This type of reporting is already required of localities and states to the Federal government, and it is currently very burdensome for many election officials to create. As a result, one of the enthusiastic supporters of this nascent effort is a recently appointed EAC Commissioner who until recently was a state election who was official grumpy over the burden of this type reporting, but is now on the Federal commission requiring the reporting. So you can see that although not the most thrilling human endeavor, standards work can have its elements of irony. 🙂
Cast Vote Records
Another topic for a to-be-formed working group, this is about how to extend the existing .2 standard (election result reporting) to describe just the votes recorded from a single ballot, together with other data (for example an image of a paper ballot from which the votes were recorded) that would be needed to support ballot audits. The whole larger issue of ballot audits is … larger; but you can read more about it in past posts here (search for “audit”) or elsewhere by a web search on “risk limiting audits elections.”
Another topic for a to-be-formed working group, this is about how to extend the existing .2 standard’s description of ballot items (contests, candidates, referenda, questions, etc.) that is currently limited to what’s needed for results reporting. The extensions could be limited to extensions needed to display online sample ballots, but could extend much further. Some of us have a particular interest in supporting “interactive sample ballots” which is, again, a larger issue, but more on that as the work unfolds.
Common Identifiers and OCD
Lastly, we also discussed more of the common identifier issue that I reported on earlier in day one. It turns out that this is another instance, thought slightly more complicated, of the issue facing a number of standards that I described above: semantic interoperability. In the .2 standard, we don’t want to bake into it an incomplete list of every possible district, office, precinct, etc. — even though we need common identifiers for these if two datasets can be interpreted as referred to the same things.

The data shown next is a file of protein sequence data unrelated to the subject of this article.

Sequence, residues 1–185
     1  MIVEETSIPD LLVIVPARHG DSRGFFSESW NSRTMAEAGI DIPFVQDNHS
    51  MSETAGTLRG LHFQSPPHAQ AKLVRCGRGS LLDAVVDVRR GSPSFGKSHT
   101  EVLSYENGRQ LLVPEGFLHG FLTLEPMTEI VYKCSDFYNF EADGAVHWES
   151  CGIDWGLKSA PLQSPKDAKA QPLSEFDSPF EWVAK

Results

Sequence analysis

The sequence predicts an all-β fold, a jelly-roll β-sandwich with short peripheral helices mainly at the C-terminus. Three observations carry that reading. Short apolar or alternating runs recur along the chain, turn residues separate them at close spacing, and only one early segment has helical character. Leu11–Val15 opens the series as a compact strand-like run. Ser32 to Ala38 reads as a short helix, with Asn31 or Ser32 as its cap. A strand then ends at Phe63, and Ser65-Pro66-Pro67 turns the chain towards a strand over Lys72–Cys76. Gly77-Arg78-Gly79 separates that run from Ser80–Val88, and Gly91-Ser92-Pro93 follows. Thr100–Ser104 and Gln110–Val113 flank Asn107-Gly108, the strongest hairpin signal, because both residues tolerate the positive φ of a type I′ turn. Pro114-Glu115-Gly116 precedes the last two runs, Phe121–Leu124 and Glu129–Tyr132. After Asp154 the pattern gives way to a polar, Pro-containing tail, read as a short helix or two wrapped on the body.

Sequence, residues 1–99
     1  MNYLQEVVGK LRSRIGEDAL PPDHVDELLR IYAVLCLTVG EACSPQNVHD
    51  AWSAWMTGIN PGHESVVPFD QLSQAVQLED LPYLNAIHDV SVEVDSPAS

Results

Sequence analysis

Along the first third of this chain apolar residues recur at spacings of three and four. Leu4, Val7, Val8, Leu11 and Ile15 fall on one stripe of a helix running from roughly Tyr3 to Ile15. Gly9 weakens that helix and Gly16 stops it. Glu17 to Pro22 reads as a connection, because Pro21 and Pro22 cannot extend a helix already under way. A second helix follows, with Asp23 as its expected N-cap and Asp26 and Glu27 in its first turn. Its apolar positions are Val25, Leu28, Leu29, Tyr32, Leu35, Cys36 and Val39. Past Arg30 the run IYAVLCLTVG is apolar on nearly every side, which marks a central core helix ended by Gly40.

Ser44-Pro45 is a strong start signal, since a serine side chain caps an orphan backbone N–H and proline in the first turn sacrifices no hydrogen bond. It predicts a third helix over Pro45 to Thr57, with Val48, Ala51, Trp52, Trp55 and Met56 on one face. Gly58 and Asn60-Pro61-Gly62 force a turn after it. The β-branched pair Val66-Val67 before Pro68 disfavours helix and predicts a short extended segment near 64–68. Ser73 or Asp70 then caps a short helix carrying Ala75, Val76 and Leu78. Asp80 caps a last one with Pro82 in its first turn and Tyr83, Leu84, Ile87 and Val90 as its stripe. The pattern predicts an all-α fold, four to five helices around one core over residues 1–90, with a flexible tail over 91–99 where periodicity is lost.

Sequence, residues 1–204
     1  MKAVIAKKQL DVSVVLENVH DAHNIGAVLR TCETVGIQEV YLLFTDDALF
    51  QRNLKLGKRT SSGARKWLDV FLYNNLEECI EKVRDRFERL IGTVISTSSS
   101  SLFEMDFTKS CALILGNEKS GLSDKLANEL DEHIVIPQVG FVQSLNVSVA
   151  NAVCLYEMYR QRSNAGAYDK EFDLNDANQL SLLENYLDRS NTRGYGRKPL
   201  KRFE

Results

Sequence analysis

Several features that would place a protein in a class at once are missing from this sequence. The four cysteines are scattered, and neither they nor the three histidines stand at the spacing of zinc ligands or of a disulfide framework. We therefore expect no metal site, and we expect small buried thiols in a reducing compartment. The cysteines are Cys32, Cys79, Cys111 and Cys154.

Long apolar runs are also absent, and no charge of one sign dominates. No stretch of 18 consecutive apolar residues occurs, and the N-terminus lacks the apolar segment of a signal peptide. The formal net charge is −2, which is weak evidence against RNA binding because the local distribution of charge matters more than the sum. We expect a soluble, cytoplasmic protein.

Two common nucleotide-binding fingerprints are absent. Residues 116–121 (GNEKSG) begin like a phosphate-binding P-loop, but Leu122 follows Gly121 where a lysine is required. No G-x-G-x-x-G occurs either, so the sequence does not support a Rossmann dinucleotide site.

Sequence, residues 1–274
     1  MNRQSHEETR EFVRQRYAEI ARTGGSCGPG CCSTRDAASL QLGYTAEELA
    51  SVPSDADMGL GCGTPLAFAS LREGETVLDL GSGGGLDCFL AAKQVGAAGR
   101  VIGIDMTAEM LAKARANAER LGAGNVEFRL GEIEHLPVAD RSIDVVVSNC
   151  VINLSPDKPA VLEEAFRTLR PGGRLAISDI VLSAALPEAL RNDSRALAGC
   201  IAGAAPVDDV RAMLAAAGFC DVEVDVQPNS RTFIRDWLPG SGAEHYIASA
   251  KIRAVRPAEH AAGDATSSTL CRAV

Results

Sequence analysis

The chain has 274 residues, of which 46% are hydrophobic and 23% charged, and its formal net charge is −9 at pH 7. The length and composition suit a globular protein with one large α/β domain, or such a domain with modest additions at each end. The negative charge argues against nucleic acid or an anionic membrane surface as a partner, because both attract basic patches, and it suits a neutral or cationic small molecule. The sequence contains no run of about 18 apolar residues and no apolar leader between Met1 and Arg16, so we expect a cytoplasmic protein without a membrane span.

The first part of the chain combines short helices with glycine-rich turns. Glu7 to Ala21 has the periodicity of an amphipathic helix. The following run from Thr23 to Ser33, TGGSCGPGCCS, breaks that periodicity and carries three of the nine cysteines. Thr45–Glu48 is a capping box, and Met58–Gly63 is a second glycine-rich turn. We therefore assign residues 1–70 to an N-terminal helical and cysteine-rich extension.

So, again, we have the issue of a separate canonical list. However, in this case, the space is huge, and the names (unlike event types) wouldn’t be self-identifying; and the things named could have multiple valid names. So there will no doubt be large directories of information about these political units, using common naming schemes. But to avoid these becoming a large muddle, we do have a smaller problem of smaller canonical lists, for example, a list of the names of all the types of district used in each state. With that, we could use existing naming schemes in a canonical way.
The most promising (by consensus of those working on standards anyway) naming scheme is that of the Open Civic Data project, including IDs of exacting this sort. The scope for OCD-IDs is broad: defining a handle for pretty much any government entity in any country, so that various organizations that have data on those entities can publish that data using a common identifier, enabling others to aggregate the data about those entities. It’s much broader than U.S. electoral districts. However, it’s already in use, including U.S. electoral districts. However, as I described above, the fly in the ointment is that plethora of types of electoral district; for a common unique name, you need to include the type of district, for example, the fire control district in CA’s San Mateo County that’s known as Fire District #3.
OK, so what, who, how will this registry, or directory, or curated list — whatever you might call it — get created and managed? Still a good question, but at least we have some clarity on what needs to be done, and maybe a bit of the how, as well. Stay tuned.
If we had this missing link (a canonical scheme for names of U.S. electoral districts) then we could use OCD-IDs (or extensions of FIPS geo codes for that matter) as an optional but commonly used and standards-based approach for constructing unique identifiers for electoral districts. Organizations that choose to use the naming scheme could issue VSSC.2 datasets that could be aggregated with others that also use the scheme. And then, people could have a much easier time aggregating those election result datasets to get large scale election results. At the risk of fore-shadowing, that’s actually a big deal to data-heads, public interest groups, and news organizations alike, as eloquently explained by a speaker at the next annual conference, which was this week in DC.
At that conference — NIST/EAC Future of Voting Systems Symposium II — will be the topic of my next few reports!